BASIC POOL SAFETY:
When most people think of pool-related injuries, they think of drowning and water aspiration. Diving injuries also occur and can be very serious. However, older children and adolescents account for most of these. In younger children, falls and cuts are common when children slip on wet surfaces.
Toddlers are at particularly high risk for drowning. Their size makes even a small amount of water hazardous. In addition, they are often unsteady and fall easily, and they seldom know how to swim. Toddlers are at risk of drowning or water aspiration because they can't swim. One step, then, to preventing drowning is to teach your children how to swim. The value of toddler swimming lessons has been debated, but lessons can be worthwhile -- especially if the disadvantages to them are understood.
Children who have had some form of swimming lessons are only half as likely to need some type of assistance in the pool as children with no training. Also, toddlers who start swimming earlier are more likely to become competent swimmers as adults.
The biggest disadvantage to toddler swimming lessons is that, afterward, parents believe the child is water-safe and don't watch her as carefully as they might if she had not had lessons. Although your child may be more comfortable in the water after taking lessons, she really can't swim well, nor can she be expected to know how to react to emergencies.
Infant swimming lessons have other drawbacks. Prolonged lessons have been associated with water intoxication (drinking too much water). Therefore, the YMCA recommends prohibiting forced submersion and limiting in water time to 30 minutes. In addition, when children are still in diapers, it becomes difficult to maintain the
effectiveness of the pool's chlorination. There have been reports of epidemics of diarrhea diseases from infant swimming classes.
Besides swimming lessons, other precautions may help prevent pool accidents. Fences and self-locking gates around public and private pools may prevent a toddler from toppling in while unattended. Floating alarms that sound a loud tone when water is disturbed may be a good idea. Pool covers may help, too, but remember that they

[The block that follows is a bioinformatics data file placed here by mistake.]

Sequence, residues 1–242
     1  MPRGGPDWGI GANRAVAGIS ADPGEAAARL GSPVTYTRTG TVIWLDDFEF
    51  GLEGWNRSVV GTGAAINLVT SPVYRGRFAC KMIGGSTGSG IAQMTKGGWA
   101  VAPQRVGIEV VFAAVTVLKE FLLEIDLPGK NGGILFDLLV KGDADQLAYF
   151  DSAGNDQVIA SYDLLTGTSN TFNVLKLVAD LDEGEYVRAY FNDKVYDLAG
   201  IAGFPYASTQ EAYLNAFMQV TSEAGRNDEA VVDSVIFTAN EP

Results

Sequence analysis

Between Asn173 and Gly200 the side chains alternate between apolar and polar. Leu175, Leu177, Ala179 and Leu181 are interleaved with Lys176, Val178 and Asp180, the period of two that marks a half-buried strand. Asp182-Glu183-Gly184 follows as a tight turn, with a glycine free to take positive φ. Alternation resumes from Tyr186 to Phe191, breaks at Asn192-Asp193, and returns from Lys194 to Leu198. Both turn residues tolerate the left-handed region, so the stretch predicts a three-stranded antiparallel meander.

can collect rainwater and become a drowning hazard themselves. Adequate supervision, from both parents and lifeguards, is a necessity. Teach your child to follow rules in the pool area, such as no running and no diving in shallow water. Finally, use life jackets on young children who don't know how to swim, but don't become complacent-life jackets, too, can fail.
Similarly, bear in mind inner tubes, air mattresses, and other flotation devices are for fun only; do not trust them in deep water or if your child is out of your sight. Toys break, inflatable devices deflate. Don't place your child in unnecessary peril by trusting such devices. And never use any device to help your child stay afloat that is not
certified as a personal floatation device; some inflatable toys and devices may actually increase the risk of drowning by making a child float face-down in the water.
Generally speaking, childhood accidents will happen, usually on a smaller scale, and while ensuring physical safety is important, over-protectiveness is not a virtue because it scares the child into fearing the world while stunting a healthy curiosity. Read about handling a childhood accident next.
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